The ANS elaborated a table with the correlation between the items in the list of procedures and health events and the corresponding terms in the TUSS ([Table 2]).[9]

Table 2

Correlation table between the unified supplementary health terminology (see 1.0.2) and the list of procedures and events in health of the National Agency for Supplementary Health (RN n 262/2011 altered by RN N 281/2011)

TUSS code

Group – Subgroup – TUSS

Procedure TUSS

ANS list (RN n. 262/2011 altered by RN n. 281/2011)


Diagnostic and therapeutical procedures – interventional methods

Spine: foraminal , facet or articular infiltration

Extra-articular diagnnostic or therapeutical punction /artrocentesis (infiltration/dry needling): imaging-oriented or not


Invasive surgical procedures – central and peripheric nervous system

Articular facet percutaneous denervation per segment

Articular facet percutaneous denervation


Invasive surgical procedures – central and peripheric nervous system

Percutaneuos rhizotomy per segment – any method

Percutaneuos rhizotomy


Invasive surgical procedures – other procedures

Paraspinal facet block

Paraspinal facet block


Invasive surgical procedures – musculoskeletal system


Percutaneuos rhizotomy

Abbreviations: ANS, National Agency for Supplementary Health; TUSS, unified supplementary health terminology

Considering that the procedures are not detailed, there are no scientific criteria for differentiating them. Terminologies can be used, in our opinion, to refer to the procedure performed in a chemical or radiofrequency manner.

In the ANS 2016 list, there are four different procedures, one of which is percutaneous rhizotomy with or without radiofrequency, with a guideline of use (DUT, in portuguese acronym).[10] [11] The following four procedures are described:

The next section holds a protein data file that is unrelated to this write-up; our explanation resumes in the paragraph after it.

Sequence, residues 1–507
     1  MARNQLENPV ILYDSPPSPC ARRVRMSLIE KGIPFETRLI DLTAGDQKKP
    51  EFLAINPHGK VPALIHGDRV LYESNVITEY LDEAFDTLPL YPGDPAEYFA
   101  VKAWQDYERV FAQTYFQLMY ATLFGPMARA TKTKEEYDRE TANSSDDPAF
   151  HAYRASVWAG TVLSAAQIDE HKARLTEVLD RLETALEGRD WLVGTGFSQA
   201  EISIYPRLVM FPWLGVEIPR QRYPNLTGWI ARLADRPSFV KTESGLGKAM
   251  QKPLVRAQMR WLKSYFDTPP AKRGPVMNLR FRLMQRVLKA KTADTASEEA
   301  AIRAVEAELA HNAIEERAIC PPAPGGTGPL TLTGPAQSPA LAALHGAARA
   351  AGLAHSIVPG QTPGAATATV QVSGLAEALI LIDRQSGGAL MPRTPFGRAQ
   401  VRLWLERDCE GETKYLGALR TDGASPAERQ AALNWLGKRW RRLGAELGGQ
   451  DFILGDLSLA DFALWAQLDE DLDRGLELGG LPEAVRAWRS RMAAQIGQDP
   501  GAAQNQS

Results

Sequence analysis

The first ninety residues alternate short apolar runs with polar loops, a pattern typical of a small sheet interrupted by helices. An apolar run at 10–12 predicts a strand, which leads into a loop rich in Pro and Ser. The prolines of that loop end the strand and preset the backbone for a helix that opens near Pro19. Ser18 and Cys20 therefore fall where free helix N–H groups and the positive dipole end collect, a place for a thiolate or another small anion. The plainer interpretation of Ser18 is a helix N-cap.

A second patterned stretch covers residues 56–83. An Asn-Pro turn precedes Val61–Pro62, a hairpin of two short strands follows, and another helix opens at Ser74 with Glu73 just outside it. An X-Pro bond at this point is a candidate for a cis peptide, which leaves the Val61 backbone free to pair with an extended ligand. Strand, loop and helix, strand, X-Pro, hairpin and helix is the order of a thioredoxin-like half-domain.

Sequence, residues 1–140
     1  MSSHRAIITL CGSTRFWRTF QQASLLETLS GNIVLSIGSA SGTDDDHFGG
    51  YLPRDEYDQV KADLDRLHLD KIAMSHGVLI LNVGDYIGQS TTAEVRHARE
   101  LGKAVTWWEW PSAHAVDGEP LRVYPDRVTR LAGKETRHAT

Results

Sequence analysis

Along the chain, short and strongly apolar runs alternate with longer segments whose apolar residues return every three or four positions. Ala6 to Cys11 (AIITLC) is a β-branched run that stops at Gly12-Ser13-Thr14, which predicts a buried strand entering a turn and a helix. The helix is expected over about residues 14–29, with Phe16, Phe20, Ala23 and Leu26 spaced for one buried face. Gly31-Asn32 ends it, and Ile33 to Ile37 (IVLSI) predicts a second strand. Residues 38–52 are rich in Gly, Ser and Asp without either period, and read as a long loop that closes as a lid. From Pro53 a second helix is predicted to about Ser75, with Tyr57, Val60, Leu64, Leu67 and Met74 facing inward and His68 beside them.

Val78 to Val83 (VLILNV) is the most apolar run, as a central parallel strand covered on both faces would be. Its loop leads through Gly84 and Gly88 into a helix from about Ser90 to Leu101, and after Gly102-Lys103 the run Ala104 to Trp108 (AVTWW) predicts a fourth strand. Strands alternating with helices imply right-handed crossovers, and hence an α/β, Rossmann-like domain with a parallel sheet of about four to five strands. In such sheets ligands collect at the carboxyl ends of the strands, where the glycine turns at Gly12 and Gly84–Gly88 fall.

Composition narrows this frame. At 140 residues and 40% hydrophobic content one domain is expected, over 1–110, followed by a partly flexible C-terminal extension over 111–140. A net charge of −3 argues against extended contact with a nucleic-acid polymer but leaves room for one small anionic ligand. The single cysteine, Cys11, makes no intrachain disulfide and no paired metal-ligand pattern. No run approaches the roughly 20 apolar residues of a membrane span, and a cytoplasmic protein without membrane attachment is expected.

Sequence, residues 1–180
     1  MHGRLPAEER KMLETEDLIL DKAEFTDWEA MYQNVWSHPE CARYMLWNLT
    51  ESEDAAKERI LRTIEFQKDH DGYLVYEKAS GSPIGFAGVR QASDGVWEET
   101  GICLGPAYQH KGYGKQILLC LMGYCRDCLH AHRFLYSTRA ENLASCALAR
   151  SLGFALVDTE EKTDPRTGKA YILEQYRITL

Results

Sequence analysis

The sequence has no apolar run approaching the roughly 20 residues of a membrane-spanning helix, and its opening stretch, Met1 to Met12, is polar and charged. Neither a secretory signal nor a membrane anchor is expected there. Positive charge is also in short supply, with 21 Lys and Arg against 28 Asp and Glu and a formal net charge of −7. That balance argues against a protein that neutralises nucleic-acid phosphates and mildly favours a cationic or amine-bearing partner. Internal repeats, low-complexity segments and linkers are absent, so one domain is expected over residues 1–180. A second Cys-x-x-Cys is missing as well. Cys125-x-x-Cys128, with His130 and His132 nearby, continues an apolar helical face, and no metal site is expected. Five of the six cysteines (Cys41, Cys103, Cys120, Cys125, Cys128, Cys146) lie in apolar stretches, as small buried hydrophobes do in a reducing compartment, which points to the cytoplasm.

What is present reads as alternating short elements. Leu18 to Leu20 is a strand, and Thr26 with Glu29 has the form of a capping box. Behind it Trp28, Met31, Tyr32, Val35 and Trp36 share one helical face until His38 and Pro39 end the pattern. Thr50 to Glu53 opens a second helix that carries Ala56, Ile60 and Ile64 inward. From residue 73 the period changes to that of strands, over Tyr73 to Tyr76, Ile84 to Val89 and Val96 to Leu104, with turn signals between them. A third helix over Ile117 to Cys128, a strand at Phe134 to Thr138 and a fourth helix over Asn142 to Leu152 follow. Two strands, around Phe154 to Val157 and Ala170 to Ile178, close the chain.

1. Percutaneous denervation of articular facet – Group: Central and peripheral nervous system; Subgroup: Peripheral nerves.

  2. Paraspinal facet block – Group: Other invasive procedures; Subgroup: Anesthetic nerve blocks and neurovascular stimuli.

  3. Vertebral column: Foraminal, facet or articular infiltration – Group: Diagnostic methods per image; Subgroup: Interventional and therapeutical diagnostic methods by image.

  4. Percutaneous rhizotomy with or without radiofrequency (with DUT) – Group: Central and peripheral nervous system; Subgroup: Peripheral nerves. To use this procedure, see DUT number 62.[11] In it, percutaneous rhizotomy with or without radiofrequency has the following criteria for use:

    • 4.1 Mandatory coverage for patients with facet pain (lumbago, back pain or cervicalgia), when all the criteria of group I and none of the criteria of group II are fulfilled:

Group I

  • Limitation of activities of daily living (ADLs) for at least 6 weeks;

  • Reduction > 50% of the reported pain measured by the visual analogue scale (VAS) after facet infiltration using local anesthetic;

  • Failure in the appropriate conservative treatment.


Group II

  • Previous spinal surgery in the analyzed segment;

  • Disc herniation;

  • Signs of surgical stenosis or potential instability.

  • 4.2 Mandatory coverage for patients with focal and intense spasticity with disabling symptoms, even after the completion of medical and treatment with a physical therapist.

  • 4.3 Patients with trigeminal, glossopharyngeal, occipital or intermediate nerve neuralgia, refractory or intolerant to continuous clinical treatment for at least 3 months.

As an important consideration, the DUT 62 published in the ANS list does not specify the form of rhizotomy (with or without radiofrequency) for which it applies. Thus, the technical opinion published in August 2015 by the Brazilian Column Society (SBC, in the Portuguese acronym), disputes the ANS's DUT.[12] The requests from SBC for DUT change are summarized below:

Request n. 1: Define that this DUT applies only to cases in which the radiofrequency method is used, and does not apply to percutaneous chemical rhizotomy. Reason: The DUT was proposed to guide the percutaneous radiofrequency rhizotomy, not the chemical procedure, which became systematically denied by the carriers, in many cases, based on the DUT. Thus, the DUT should not be used for periradicular or facet infiltrations (or percutaneous rhizotomies by chemical method)

Request n. 2: Removal of group II, which cites the exclusion criteria for the procedure.



  • Previous surgery in another segment is not contraindication for the performance of the radiofrequency rhizotomy;